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238 PARENTS' PERCEPTIONS OF HYPERBILIRUBINEMIA EDUCATION RECEIVED PRIOR TO DISCHARGE AND AT THE FIRST CLINICAL VISIT.
  1. D. J. Heintz1,
  2. V. Nichols1,
  3. J. A. Lazerson1,
  4. D. A. Gremse1
  1. 1Department of Pediatrics, University of Nevada School of Medicine, Las Vegas, NV.

Abstract

Background The AAP recommends that hospitals provide discharge information for parents that includes an explanation of monitoring for jaundice. We hypothesized that parental education about jaundice differed from communication about simple tasks such as scheduling of follow-up appointments. The aim of this study was to evaluate parents' recall of receiving written and oral information regarding hyperbilirubinemia.

Methods The medical records of infants admitted for hyperbilirubinemia to a county hospital from June 2005 to June 2006 were reviewed retrospectively. Hyperbilirubinemia risk factors, the parent's perception of hyperbilirubinemia education received prior to discharge from the hospital and at the first clinical visit, and follow-up visits scheduled by the birth hospital were analyzed.

Results Thirty-two infants were admitted into the hospital for phototherapy during the study period. Only 32% (8/25 with 7 no responses) of the parents recall receiving hyperbilirubinemia education while at the birth hospital compared with 62% (16/26 with 6 no responses) who reported receiving such an education when surveyed at the primary care provider's office. In contrast, follow-up clinic appointments were made by the birth hospital 96% of the time (26/27 with 5 no responses).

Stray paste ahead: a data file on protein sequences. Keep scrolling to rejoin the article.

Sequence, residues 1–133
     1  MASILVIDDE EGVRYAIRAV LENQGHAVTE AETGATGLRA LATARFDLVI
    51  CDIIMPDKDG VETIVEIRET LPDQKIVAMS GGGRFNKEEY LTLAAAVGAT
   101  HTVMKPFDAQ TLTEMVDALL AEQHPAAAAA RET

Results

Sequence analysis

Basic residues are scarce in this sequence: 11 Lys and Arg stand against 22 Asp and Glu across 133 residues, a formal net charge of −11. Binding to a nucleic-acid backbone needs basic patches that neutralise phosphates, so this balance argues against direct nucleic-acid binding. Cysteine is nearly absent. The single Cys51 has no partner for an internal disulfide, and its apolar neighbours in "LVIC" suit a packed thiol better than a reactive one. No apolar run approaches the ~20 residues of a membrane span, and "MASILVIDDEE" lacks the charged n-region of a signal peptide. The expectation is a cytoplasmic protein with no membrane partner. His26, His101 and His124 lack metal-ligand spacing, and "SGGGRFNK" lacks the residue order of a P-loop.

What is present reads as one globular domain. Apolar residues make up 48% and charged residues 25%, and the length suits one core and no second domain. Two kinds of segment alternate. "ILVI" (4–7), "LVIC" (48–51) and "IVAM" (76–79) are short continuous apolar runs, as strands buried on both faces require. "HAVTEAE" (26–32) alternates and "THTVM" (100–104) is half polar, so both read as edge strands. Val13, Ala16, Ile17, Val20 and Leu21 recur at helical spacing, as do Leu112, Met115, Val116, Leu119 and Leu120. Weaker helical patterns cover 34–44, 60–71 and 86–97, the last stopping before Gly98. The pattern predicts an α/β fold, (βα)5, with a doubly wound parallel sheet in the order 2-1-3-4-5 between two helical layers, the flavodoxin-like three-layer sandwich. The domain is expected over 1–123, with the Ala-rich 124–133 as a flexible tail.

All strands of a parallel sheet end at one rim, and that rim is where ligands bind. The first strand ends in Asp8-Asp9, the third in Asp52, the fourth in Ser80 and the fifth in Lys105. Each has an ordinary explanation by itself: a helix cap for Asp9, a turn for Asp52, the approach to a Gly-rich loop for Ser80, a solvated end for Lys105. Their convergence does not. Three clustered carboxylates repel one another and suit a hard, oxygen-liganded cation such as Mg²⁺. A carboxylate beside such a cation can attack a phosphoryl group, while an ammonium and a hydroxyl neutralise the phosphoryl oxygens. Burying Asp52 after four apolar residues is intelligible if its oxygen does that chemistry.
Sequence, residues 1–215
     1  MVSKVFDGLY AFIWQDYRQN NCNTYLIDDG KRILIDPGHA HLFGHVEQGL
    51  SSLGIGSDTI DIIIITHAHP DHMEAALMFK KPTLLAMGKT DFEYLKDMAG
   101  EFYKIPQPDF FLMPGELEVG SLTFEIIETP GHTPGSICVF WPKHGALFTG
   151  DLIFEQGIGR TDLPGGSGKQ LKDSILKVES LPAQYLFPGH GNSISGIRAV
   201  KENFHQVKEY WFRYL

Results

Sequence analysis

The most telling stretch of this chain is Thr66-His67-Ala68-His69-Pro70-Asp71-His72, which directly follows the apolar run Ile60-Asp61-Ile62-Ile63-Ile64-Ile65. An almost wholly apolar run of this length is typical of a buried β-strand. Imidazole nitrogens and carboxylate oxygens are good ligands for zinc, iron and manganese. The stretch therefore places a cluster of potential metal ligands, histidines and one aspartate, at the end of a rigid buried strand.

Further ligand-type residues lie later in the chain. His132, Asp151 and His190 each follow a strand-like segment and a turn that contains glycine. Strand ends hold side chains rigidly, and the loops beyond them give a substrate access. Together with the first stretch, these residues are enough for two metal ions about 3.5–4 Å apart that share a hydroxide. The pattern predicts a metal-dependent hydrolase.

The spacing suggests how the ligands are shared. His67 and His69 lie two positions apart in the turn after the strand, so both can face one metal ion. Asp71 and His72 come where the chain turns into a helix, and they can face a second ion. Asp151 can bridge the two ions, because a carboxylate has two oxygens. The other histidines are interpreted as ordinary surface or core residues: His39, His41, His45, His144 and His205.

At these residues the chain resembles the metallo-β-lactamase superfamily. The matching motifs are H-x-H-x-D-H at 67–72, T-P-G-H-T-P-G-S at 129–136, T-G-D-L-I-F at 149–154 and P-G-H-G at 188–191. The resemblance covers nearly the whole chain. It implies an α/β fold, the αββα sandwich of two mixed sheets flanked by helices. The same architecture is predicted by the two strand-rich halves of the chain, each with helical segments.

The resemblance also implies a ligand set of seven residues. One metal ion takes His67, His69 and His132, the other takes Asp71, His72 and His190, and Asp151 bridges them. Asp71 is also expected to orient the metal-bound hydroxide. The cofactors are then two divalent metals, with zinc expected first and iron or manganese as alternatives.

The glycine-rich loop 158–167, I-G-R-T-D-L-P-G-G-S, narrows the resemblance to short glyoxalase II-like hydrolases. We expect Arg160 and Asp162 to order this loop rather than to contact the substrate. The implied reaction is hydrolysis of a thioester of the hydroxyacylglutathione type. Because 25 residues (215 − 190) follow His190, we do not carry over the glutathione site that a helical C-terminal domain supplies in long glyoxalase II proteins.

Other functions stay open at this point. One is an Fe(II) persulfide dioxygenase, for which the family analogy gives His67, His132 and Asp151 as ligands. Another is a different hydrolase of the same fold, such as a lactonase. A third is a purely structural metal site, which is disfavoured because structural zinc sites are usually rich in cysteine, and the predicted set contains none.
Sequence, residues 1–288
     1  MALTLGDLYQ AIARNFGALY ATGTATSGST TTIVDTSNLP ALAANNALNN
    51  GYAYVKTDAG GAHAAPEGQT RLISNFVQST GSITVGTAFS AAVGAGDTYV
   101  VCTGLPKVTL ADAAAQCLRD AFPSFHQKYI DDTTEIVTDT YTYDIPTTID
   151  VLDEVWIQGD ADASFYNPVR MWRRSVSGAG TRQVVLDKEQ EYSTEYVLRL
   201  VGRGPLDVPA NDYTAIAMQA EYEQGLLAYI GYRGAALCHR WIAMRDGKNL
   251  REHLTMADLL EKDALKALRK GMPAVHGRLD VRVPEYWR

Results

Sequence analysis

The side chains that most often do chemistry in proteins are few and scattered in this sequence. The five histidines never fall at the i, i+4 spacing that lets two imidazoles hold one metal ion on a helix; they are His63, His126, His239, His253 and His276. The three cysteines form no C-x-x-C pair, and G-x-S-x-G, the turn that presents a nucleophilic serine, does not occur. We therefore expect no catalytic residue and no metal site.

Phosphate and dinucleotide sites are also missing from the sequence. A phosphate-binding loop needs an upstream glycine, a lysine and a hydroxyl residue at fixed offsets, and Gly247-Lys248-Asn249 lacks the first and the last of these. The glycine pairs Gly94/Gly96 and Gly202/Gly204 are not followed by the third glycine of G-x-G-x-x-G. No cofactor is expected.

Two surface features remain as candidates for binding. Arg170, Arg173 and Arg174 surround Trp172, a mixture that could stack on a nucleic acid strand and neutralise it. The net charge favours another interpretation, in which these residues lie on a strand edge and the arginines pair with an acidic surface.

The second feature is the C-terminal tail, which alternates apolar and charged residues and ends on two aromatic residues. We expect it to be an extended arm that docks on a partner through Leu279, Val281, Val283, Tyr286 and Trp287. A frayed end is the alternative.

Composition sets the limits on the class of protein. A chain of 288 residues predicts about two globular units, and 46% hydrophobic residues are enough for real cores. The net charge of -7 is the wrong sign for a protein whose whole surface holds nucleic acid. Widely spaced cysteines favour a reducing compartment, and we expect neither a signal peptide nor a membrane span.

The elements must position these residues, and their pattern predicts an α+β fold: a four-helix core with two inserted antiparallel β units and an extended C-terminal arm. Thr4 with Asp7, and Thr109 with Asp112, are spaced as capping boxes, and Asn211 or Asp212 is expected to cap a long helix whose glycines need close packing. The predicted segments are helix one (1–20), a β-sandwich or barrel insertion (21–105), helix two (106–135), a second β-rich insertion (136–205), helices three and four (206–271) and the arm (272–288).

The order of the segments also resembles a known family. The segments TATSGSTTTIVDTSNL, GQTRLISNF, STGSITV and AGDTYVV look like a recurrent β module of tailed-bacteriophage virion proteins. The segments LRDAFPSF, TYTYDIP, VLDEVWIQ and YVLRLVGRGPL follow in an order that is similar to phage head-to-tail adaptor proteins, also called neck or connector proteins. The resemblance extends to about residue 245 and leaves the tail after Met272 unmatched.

Conclusions The results show that parents do not recall receiving hyperbilirubinemia education. We speculate that inadequate teaching by physicians and nurses, parents not understanding the education that they receive, parents not reading the jaundice handouts given to them in their discharge packets, and a language barrier that impedes the parent's understanding are potential reasons for the perceived lack of education. Hospitals successfully made follow-up visits indicating that some forms of communication in the discharge process were effective. More research is needed to determine the reason(s) for the parent's perception of a lack of hyperbilirubinemia teaching.

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